Wednesday, February 27, 2019 01:15 PM

TICK BITES EVEN MORE LIKELY TO CAUSE MEAT ALLERGY?

By Robert Preidt

HealthDay Reporter

WEDNESDAY, Feb. 27, 2019 (HealthDay News) -- Certain tick bites[1] can cause a red meat allergy[2], and now scientists are shedding new light on the condition, known as alpha-gal syndrome.

Alpha-gal is a sugar found in most mammal blood, but not in humans.

"Our original hypothesis was that humans developed the allergy[3] after being exposed to alpha-gal through a tick that had fed on a deer, dog or other small mammal that has alpha-gal," said researcher Scott Commins.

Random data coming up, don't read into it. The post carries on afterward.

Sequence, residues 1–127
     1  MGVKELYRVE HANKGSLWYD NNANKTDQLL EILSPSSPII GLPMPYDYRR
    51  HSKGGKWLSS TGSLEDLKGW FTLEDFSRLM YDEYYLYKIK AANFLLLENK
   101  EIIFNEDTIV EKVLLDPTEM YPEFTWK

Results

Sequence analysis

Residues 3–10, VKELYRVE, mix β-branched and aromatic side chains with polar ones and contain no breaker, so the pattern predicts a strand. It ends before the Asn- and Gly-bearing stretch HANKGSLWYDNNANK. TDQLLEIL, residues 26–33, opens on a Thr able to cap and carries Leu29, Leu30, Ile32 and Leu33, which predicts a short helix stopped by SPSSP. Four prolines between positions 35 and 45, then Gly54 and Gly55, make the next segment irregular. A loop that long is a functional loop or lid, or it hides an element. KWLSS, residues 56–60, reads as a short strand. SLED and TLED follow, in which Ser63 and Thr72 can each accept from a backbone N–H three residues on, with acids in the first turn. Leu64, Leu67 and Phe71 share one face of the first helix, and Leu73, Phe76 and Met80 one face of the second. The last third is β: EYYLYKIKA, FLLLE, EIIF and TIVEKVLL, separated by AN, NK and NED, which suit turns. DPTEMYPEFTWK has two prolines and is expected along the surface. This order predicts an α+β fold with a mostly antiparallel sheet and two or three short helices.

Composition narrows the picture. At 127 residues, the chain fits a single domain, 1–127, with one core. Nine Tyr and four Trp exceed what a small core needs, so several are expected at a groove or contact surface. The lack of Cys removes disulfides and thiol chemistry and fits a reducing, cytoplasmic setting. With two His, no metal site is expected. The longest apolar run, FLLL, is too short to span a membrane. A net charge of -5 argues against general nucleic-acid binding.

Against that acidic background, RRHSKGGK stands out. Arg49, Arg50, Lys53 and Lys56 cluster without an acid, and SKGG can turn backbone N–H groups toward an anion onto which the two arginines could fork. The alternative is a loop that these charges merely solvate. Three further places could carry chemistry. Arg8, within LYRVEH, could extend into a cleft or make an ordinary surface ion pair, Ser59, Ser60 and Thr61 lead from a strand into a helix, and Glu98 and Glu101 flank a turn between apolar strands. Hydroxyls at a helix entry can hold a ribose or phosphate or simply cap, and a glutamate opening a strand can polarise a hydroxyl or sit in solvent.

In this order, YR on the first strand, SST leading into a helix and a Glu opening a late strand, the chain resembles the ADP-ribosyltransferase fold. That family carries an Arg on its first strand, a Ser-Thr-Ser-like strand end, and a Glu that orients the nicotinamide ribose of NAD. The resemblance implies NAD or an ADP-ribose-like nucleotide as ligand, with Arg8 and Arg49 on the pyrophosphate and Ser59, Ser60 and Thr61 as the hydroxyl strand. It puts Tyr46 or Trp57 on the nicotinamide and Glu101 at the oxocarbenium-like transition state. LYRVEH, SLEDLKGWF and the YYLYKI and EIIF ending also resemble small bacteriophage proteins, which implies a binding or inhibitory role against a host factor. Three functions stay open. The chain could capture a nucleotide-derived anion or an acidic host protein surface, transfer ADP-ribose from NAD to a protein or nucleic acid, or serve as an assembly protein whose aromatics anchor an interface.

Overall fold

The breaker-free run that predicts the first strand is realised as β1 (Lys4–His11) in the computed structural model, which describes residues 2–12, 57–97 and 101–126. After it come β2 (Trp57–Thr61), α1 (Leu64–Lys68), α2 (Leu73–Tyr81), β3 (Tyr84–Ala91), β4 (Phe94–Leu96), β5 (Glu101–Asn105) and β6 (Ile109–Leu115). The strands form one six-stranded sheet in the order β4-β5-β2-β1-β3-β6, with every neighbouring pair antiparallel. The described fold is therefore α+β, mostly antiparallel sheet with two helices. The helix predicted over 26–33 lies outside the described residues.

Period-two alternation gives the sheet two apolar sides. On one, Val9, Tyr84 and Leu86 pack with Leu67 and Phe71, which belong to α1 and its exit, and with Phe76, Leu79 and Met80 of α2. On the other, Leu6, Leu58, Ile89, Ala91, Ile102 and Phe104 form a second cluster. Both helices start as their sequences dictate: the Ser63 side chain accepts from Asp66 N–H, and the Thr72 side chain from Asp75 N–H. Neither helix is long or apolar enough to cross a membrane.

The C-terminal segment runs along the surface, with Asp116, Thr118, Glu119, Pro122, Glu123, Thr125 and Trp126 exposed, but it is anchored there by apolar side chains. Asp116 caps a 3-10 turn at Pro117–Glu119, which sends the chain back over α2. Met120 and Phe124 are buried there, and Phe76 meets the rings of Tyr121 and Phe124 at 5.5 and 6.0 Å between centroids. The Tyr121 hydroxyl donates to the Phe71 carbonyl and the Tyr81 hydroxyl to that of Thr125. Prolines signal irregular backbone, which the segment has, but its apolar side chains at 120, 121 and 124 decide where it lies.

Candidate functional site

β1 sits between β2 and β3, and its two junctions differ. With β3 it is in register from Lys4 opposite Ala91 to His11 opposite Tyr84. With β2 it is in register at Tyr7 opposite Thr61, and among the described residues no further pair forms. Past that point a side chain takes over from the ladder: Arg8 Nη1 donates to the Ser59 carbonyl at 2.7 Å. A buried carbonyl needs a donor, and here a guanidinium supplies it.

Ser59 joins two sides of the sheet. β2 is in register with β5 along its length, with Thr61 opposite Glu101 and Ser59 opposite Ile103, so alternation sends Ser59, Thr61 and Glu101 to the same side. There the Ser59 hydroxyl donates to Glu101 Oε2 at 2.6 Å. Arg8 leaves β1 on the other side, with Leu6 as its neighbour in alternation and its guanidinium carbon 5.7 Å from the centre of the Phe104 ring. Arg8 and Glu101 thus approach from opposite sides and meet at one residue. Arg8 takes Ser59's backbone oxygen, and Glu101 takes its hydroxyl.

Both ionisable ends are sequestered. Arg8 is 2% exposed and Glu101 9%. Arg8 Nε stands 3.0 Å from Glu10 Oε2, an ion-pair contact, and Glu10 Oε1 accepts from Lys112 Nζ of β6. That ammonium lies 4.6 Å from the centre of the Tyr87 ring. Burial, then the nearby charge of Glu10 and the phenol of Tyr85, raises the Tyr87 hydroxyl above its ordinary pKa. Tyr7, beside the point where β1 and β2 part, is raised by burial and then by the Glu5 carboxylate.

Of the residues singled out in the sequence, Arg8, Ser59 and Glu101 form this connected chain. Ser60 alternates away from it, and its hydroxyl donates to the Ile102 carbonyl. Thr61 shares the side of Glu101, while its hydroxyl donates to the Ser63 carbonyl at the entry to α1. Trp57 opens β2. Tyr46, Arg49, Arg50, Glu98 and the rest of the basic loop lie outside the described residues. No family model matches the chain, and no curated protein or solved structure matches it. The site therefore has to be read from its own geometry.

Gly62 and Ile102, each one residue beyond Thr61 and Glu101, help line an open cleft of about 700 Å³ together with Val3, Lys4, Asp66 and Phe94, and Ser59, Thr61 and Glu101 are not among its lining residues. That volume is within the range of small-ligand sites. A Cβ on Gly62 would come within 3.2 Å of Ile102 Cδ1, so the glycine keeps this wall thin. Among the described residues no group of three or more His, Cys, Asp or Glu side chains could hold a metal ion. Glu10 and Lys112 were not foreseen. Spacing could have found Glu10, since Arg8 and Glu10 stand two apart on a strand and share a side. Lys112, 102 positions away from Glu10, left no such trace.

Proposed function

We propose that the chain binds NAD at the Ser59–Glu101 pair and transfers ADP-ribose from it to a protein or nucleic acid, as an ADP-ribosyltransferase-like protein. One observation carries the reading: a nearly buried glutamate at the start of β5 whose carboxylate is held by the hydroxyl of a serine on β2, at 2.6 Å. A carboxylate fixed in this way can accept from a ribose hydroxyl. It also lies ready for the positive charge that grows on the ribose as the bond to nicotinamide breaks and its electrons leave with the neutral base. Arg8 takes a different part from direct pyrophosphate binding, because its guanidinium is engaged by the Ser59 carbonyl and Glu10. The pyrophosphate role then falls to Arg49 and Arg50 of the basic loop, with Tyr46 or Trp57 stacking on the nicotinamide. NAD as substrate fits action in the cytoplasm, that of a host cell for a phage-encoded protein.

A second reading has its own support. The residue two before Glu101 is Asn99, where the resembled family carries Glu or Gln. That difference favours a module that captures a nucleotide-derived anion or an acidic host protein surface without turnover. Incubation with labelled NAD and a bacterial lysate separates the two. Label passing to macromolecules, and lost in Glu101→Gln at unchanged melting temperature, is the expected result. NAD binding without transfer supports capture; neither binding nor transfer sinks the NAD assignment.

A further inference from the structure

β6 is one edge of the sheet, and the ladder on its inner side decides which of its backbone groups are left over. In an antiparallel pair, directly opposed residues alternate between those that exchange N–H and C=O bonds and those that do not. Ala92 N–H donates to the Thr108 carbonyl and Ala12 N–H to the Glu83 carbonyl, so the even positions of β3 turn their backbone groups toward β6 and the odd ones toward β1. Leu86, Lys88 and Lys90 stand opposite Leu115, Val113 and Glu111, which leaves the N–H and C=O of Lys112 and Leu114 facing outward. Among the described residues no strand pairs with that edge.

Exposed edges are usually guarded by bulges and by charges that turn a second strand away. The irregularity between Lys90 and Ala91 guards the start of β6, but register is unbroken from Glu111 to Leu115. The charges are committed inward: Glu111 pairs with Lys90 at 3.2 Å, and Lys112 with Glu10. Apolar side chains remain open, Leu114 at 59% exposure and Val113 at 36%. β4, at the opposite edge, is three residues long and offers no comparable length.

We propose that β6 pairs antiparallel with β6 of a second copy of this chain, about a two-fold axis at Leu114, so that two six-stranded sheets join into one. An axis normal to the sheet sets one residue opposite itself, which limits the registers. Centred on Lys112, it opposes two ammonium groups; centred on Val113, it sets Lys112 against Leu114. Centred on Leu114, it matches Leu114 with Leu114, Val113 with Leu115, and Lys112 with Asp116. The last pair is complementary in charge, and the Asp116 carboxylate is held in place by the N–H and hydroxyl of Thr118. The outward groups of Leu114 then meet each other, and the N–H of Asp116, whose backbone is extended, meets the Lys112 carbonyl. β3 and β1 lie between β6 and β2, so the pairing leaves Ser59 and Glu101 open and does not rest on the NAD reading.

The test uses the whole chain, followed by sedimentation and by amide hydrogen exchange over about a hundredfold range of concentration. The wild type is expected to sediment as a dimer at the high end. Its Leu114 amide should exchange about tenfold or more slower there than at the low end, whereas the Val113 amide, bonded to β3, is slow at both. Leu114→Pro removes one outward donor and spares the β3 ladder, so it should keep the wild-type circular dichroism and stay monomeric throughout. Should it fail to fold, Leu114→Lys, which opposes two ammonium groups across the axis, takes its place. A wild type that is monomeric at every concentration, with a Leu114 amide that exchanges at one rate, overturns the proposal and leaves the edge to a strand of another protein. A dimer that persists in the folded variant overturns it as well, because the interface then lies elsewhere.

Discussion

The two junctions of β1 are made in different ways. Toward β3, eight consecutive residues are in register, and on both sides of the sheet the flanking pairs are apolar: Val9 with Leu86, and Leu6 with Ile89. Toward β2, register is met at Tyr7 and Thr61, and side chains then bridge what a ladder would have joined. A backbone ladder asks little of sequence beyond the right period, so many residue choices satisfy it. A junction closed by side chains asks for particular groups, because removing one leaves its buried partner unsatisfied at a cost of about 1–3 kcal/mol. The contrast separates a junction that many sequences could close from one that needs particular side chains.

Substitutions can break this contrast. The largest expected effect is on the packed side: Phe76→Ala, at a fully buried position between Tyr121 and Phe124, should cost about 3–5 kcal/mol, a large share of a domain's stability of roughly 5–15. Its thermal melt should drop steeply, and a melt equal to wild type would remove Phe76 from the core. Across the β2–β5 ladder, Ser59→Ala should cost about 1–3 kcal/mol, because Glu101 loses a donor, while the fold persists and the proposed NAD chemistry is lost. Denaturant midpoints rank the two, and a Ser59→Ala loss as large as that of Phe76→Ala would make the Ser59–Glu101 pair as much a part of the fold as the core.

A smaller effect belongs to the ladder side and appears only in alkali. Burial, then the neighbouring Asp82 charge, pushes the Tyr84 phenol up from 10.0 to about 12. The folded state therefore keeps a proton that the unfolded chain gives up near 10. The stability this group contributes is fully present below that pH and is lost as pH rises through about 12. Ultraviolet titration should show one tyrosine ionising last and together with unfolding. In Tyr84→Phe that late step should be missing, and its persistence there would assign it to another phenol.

When people develop an allergic immune response to alpha-gal, it can lead to a red meat allergy, explained Commins, who is an associate professor of medicine at the University of North Carolina School of Medicine in Chapel Hill.

"This new data suggests that ticks[4] can induce this immune response without requiring the mammal blood meal, which likely means the risk of each bite ...

News source: WebMD

See also: Steven Enrich